Intemperance commences at our tables in the use of unhealthful food. After a time, through continued indulgence, the digestive organs become weakened, and the food taken does not satisfy the appetite. Unhealthy conditions are established, and there is a craving for more stimulating food. Tea, coffee, and flesh meats produce an immediate effect. Under the influence of these poisons the nervous system is excited, and, in some cases, for the time being, the intellect seems to be invigorated and the imagination to be more vivid. Because these stimulants produce for the time being such agreeable results, many conclude that they really need them and continue their use. But there is always a reaction. The nervous system, having been unduly excited, borrowed power for present use from its future resources of strength. All this temporary invigoration of the system is followed by depression. In proportion as these stimulants temporarily invigorate the system will be the letting down of the power of the excited organs after the stimulus has lost its force. The appetite is educated to crave something stronger which will have a tendency to keep up and increase the agreeable excitement, until indulgence becomes habit, and there is a continual craving for stronger stimulus, as tobacco, wines, and liquors. The more the appetite is indulged, the more frequent will be its demands and the more difficult of control. The more debilitated the system becomes and the less able to do without unnatural stimulus, the more the passion for these things increases, until the will is overborne, and there seems to be no power to deny the unnatural craving for these indulgences. 3T 487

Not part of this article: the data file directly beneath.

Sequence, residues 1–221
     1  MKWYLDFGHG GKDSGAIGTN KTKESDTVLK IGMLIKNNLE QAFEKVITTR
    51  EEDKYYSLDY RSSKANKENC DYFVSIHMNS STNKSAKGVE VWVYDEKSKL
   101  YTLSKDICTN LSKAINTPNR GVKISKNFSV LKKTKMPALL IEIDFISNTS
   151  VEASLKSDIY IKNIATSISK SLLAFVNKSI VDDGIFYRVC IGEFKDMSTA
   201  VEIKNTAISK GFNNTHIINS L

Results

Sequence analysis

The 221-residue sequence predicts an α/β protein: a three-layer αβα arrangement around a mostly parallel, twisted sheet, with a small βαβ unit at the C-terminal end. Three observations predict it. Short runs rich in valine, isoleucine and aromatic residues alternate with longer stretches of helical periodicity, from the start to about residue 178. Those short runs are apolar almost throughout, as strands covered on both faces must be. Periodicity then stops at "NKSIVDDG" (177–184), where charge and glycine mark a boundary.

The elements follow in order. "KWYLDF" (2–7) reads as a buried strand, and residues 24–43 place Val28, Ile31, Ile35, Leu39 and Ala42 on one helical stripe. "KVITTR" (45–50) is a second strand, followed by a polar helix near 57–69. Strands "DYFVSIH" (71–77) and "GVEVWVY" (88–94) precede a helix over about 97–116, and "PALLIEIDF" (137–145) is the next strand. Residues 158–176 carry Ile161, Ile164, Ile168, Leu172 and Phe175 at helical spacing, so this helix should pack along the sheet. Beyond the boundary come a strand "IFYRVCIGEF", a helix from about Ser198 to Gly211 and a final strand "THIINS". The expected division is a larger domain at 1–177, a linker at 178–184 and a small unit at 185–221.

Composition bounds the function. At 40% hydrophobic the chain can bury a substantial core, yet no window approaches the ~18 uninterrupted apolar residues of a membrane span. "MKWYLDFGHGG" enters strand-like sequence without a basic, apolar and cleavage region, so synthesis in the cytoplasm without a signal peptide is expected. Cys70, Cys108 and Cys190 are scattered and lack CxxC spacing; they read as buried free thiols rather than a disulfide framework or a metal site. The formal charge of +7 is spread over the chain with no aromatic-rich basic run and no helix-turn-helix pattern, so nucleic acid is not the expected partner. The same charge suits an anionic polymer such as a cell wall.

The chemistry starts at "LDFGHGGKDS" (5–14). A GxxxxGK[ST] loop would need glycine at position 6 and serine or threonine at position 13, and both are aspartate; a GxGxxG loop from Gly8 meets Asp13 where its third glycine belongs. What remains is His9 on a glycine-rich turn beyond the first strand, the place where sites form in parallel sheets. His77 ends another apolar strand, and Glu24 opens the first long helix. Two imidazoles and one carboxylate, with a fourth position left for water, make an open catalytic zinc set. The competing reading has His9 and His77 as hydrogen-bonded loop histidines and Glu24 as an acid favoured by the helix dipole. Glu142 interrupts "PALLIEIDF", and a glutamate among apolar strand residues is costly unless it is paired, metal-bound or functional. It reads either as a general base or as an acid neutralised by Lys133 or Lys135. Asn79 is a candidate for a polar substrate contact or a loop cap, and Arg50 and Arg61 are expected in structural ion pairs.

Intemperance commences at our tables in the use of unhealthful food. After a time, through continued indulgence, the digestive organs become weakened, and the food taken does not satisfy the appetite. Unhealthy conditions are established, and there is a craving for more stimulating food. Tea, coffee, and flesh meats produce an immediate effect. Under the influence of these poisons the nervous system is excited, and, in some cases, for the time being, the intellect seems to be invigorated and the imagination to be more vivid. Because these stimulants produce for the time being such agreeable results, many conclude that they really need them and continue their use. But there is always a reaction. The nervous system, having been unduly excited, borrowed power for present use from its future resources of strength. All this temporary invigoration of the system is followed by depression. In proportion as these stimulants temporarily invigorate the system will be the letting down of the power of the excited organs after the stimulus has lost its force. The appetite is educated to crave something stronger which will have a tendency to keep up and increase the agreeable excitement, until indulgence becomes habit, and there is a continual craving for stronger stimulus, as tobacco, wines, and liquors. The more the appetite is indulged, the more frequent will be its demands and the more difficult of control. The more debilitated the system becomes and the less able to do without unnatural stimulus, the more the passion for these things increases, until the will is overborne, and there seems to be no power to deny the unnatural craving for these indulgences. 3T 487